Why Meta is opening its first brick-and-mortar store
Meta — formerly Facebook — is betting on a brick-and-mortar store to sell people on its metaverse business.
The first Meta Store is set to open early next month in California near Meta’s Reality Labs research facility where metaverse products are developed. In-store, consumers can try and buy the platform’s three metaverse products: the smart video chat device Portal, smart glasses Ray-Ban Stories and virtual reality headset Meta Quest.
Meta had a dismal fourth-quarter earnings presentation in February, underperforming revenue estimates and losing daily active users for the first time amid Apple’s iOS14 privacy roll-outs. The Meta Store concept is the latest signal of Facebook’s intentions to diversify its revenue streams beyond advertising to products, platforms and services in the metaverse. However, analysts are skeptical about the mainstream adoption potential of some of these technologies.
Meta is taking cues from the Apple playbook and using brick-and-mortar as a place for consumers to try out their technology, potentially for the first time. Shoppers can try on Ray-Ban Stories to see what styles or colors best suit them and snap a few pictures using the smart glasses technology in-store. They can play VR fishing games using Meta Quest headsets. They can call retail associates using Portal’s smart video features.
“Once people experience the technology, they can gain a better appreciation for it,” Meta store head Martin Gilliard wrote in a blog post. “If we did our job right, people should leave and tell their friends, ‘You’ve got to go check out the Meta Store.'”
Andrew Lipsman, a principal analyst at Insider Intelligence, said the platform didn’t have “any other choice” but to open physical retail to promote its products.
“Meta is betting its entire future on a family of devices that — at the current moment — next to nobody uses,” said Lipsman. “They have a really high hurdle to adoption for a lot of consumers so they need to put these devices in front of consumers in a way that they can experience them.”
Lipsman added that while younger generations might be most likely to engage with a product like Meta Quest, parents are more likely to have the wallets to afford the $300 product. He said that stores may encourage older consumers to try out these sorts of products and get them comfortable purchasing them for their children.
In many ways, this is all part of the social media giant’s newfound focus on getting consumers comfortable with the idea of the metaverse itself. In November, Facebook announced that it would rebrand itself as Meta, to signal how serious it was on the metaverse being a significant driver of business going forward.
Broadly, the metaverse refers to any technology that builds into a persistent virtual world. In practice, that can be anything from Meta’s VR gaming investments to Snap’s AR shopping focus to Roblox’s user-generated video games.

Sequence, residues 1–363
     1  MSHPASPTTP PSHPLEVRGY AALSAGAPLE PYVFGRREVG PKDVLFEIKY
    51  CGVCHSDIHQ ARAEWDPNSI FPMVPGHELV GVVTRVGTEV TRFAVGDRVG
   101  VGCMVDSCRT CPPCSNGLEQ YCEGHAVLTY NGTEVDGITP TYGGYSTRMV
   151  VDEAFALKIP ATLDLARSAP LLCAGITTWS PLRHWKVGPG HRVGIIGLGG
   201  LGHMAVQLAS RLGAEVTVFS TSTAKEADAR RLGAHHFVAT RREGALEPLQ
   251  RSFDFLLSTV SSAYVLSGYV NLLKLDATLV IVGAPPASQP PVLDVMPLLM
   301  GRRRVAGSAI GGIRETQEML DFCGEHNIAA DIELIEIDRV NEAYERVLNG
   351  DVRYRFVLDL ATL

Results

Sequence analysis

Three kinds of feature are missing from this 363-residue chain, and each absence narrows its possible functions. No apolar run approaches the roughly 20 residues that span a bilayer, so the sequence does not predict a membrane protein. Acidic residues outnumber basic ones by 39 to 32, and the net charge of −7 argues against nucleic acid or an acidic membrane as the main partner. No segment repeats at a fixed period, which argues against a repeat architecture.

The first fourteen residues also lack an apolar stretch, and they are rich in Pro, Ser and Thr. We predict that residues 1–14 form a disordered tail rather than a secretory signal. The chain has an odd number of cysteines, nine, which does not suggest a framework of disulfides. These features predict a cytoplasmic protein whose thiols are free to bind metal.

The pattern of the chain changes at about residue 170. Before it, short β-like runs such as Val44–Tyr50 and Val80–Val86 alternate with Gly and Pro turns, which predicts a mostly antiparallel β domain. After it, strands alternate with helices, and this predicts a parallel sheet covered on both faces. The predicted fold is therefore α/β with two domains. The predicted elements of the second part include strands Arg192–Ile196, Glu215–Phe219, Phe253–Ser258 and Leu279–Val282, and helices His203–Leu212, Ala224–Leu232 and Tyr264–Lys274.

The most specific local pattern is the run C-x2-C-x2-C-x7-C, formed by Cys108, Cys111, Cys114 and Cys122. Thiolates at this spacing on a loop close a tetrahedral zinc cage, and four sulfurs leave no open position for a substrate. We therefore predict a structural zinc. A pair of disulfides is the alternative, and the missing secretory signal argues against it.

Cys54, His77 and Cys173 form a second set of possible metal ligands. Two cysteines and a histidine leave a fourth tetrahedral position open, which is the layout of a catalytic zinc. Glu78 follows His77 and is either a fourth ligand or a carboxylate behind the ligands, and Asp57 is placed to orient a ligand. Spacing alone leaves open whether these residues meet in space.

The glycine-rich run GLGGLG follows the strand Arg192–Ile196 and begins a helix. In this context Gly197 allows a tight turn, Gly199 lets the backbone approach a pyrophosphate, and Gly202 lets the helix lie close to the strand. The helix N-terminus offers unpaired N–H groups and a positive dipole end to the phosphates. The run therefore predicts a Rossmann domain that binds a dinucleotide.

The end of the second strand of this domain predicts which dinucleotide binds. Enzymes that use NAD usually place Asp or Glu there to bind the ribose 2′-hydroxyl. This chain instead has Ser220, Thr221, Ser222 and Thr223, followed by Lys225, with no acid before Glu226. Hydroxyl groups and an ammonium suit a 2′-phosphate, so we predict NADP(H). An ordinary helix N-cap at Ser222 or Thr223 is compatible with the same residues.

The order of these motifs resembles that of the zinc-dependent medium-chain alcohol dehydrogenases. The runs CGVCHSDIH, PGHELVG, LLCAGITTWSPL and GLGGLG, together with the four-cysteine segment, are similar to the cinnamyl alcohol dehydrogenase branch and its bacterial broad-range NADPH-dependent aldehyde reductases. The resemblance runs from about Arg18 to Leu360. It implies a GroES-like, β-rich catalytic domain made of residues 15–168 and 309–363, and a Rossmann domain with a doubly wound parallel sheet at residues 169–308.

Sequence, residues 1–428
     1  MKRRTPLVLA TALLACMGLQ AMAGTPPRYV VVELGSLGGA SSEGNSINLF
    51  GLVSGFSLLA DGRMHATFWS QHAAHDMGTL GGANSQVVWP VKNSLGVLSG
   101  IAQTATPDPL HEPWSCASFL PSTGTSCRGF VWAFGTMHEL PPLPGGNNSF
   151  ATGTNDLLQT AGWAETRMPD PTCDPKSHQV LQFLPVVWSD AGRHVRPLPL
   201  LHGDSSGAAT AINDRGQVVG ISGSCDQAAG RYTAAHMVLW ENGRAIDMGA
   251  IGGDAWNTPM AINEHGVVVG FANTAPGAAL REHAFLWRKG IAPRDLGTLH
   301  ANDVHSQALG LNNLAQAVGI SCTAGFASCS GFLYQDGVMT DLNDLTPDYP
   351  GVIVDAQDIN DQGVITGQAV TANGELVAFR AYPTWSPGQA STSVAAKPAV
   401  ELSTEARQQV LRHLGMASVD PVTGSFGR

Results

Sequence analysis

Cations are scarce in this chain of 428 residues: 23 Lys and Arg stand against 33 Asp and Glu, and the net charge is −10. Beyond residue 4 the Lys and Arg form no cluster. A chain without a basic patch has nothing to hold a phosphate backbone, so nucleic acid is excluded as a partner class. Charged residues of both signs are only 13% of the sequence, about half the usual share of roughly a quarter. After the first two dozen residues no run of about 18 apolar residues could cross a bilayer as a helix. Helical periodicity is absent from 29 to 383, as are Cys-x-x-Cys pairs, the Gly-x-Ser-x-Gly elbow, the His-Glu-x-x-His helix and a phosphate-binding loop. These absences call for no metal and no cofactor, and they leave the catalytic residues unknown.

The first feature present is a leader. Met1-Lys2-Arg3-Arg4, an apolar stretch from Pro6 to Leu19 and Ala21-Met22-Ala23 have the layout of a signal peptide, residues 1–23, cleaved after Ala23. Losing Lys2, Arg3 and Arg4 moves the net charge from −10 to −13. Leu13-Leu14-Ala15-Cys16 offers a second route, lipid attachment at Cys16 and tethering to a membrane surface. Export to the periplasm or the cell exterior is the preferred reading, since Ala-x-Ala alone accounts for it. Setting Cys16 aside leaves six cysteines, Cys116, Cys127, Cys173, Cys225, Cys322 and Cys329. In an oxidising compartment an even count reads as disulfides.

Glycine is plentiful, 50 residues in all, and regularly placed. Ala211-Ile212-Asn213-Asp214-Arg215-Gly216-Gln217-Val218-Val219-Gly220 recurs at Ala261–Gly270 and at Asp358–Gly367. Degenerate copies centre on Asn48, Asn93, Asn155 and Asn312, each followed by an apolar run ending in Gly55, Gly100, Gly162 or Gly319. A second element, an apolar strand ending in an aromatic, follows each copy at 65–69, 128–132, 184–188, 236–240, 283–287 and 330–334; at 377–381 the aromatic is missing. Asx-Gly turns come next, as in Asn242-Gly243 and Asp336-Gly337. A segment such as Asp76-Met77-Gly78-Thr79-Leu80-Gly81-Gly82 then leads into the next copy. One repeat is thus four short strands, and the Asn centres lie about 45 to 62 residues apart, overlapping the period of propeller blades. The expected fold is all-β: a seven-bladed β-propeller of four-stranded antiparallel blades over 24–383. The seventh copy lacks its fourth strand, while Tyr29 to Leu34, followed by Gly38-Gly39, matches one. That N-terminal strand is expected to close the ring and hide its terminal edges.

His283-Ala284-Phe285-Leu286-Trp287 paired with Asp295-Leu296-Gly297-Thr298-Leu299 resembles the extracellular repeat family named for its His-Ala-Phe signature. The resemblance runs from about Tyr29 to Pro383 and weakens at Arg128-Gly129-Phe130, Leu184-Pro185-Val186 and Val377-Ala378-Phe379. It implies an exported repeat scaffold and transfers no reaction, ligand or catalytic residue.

Gilliard and Facebook seemed aware of this informational hurdle in their announcement of the new Meta Store concept. “The Meta Store is going to help people make that connection to how our products can be the gateway to the metaverse in the future,” said Gilliard. “We’re not selling the metaverse in our store, but hopefully people will come in and walk out knowing a little bit more about how our products will help connect them to it.”
But the jury is still out as to whether or not people even want to be connected to the metaverse. According to GoogleTrends, searches for the term “metaverse” peaked in January. But, by April 3, “metaverse” searches were down 81%.
Moreover, even consumers interested in joining the metaverse might not want Meta’s version of it. “Trust is very low: we’ve done plenty of our own research that puts Facebook at the bottom of social media platforms [in trust],” said Lipsman.
However, Lipsman added that Facebook’s usage dominance and early entrance in the space might counteract that lack of trust. “If they build a better experience that can kick off those network effects and get a lead on others who are going to enter the metaverse, that can be enough, independent of trust.”
And Facebook certainly has to do something to diversify revenue beyond advertising. The platform predicted that iOS14 privacy changes would result in a $10 billion dollar cut to revenue over the course of 2022. Indeed, after the platform announced a fourth-quarter earnings performance well below estimates in February, Meta experienced the largest stock market value drop of all time at $232 billion.
“Increasingly, they’re in a position where they have to bet big and the metaverse is clearly that bet,” said Lipsman. “Any diversification of their revenue stream — especially with their ad revenue stream under fire — is smart… But the question then is how quickly can that business scale and drive profits, as the other businesses start to lose momentum?”